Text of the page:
« Last Edit: June 11, 2015, 02:48:31 PM by jplee3 »

Hunny156

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Re: Case Study/Advice Needed: Financially inept in-laws about to retire
« Reply #20 on: June 11, 2015, 03:58:55 PM »
Wow, so much good feedback, where do I begin?

Tornadoes are certainly a concern, we weren't too far off from the ones that touched down here last month.  We were driving home in the middle of the storm, and watching those clouds trying to form funnels - wow.  Totally scary.  I'm not so sure that is a big factor, they would have to evacuate, and that's what insurance is for, right?  She'll go for the lowest deductible, I know her well.  ;)

Dripping with contempt, lol - yeah, a little bit.  ;)  They weren't parents of the year either and did a lot to hurt my hubby growing up, but it's all we got!  Rest assured that I do not address my MIL this way.  I try to lay it out factually, and keep it simple, b/c otherwise, she will get overwhelmed.  And she deals with both hubby & I, but when we talk, we talk all three of us together.  Ironically, I feel that he is sometimes too harsh with her, but he knows how she is, and I suspect a little forcefulness helps push her along, or else she'd never make a decision.  For the record, she has done many things wrong, but overall, I actually like her.  My FIL, he's a lost cause and everyone tolerates him, he's like a potted plant in the background.  Where my hubby has forgiven his mom, he has not and will not forgive his dad.

Should be close to $300K plus SSA, so yeah, they could be in far worse shape given how little they have planned for the future.  It's a totally different mindset, which is why we look at that $300K and think, it could go in a heartbeat.  If they decide on the mobile home for example, that $60K is a sunk cost.  No way will that be worth anywhere near that once they deliver it on site, but given their inability to budget, paying for it up front and giving them a little more freedom w/the monthly SSA will make things more comfortable.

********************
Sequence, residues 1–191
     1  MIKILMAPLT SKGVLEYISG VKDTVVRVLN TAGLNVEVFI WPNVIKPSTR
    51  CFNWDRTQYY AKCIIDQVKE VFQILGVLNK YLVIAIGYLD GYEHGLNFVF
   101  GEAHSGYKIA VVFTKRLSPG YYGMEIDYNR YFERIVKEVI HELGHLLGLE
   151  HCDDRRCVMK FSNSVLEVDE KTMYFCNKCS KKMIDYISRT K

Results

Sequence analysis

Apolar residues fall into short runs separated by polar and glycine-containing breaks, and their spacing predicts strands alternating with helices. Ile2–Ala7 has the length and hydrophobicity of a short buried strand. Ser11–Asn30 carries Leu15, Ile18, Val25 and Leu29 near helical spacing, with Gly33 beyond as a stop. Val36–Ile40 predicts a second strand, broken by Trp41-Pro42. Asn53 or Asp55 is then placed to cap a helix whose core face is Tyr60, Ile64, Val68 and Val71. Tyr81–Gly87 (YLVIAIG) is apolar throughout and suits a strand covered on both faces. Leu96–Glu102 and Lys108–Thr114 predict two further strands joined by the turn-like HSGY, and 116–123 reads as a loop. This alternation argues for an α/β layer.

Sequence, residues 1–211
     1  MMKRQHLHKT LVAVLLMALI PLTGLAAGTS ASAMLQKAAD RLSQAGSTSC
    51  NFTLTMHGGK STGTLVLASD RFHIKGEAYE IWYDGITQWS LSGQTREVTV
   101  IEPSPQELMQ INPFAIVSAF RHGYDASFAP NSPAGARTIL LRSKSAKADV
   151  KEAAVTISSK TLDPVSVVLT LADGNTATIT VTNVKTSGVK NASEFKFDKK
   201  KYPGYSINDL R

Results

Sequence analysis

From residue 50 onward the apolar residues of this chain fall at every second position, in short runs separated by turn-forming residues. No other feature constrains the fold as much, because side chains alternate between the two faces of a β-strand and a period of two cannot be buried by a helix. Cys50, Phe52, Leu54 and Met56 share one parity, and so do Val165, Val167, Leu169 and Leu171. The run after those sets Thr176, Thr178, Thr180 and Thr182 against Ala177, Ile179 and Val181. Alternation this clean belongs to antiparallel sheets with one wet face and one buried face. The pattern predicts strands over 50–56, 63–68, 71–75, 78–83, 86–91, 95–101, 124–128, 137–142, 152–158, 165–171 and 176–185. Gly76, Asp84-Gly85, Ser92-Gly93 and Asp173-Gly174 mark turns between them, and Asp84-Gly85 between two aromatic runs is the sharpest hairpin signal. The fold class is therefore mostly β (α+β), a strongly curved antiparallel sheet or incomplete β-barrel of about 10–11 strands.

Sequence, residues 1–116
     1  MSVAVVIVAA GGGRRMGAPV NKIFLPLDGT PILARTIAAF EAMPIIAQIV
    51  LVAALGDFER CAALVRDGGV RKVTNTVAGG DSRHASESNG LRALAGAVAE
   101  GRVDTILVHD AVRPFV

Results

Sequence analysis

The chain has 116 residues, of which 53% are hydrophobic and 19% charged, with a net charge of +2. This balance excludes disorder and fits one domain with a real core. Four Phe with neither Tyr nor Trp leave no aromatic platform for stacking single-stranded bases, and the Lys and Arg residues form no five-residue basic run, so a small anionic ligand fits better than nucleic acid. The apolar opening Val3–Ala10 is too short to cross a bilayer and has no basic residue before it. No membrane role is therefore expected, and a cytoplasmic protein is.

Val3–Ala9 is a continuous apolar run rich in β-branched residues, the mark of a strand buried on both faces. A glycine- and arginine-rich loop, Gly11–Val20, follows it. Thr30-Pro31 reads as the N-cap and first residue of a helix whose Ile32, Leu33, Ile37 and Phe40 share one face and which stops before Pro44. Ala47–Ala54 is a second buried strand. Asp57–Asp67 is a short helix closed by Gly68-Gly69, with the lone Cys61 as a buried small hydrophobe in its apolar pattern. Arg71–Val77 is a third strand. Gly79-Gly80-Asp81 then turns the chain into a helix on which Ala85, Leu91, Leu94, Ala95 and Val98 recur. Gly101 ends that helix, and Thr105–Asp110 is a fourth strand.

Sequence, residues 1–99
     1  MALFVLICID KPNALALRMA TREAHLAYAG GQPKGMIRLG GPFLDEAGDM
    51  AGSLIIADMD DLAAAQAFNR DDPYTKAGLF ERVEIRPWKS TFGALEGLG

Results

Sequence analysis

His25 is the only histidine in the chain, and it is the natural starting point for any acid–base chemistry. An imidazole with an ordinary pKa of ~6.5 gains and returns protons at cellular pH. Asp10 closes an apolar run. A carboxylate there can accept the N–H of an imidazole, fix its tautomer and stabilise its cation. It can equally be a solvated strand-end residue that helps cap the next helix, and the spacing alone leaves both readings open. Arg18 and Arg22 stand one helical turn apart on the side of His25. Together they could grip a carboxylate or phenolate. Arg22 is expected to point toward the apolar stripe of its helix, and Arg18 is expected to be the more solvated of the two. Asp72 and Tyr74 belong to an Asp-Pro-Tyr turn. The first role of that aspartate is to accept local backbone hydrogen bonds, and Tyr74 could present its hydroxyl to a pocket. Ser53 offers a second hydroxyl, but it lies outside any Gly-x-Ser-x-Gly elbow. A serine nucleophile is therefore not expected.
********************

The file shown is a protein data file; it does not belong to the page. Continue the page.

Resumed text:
The budget HOPEFULLY has some padding into it, but I'm not sure.  I created the budget to give them an idea, a comparison between the two options.  Complete with pie charts, b/c I really like Excel, and I want to make sure they really understand what they are doing.  It's not like they can change their mind and move back to NY and live in the basement apartment again if things don't work out.  My SIL has suggested providing additional funding monthly if necessary, but we are all hoping that it won't come to that.  They know how these two are as well, and they have similar concerns about spending.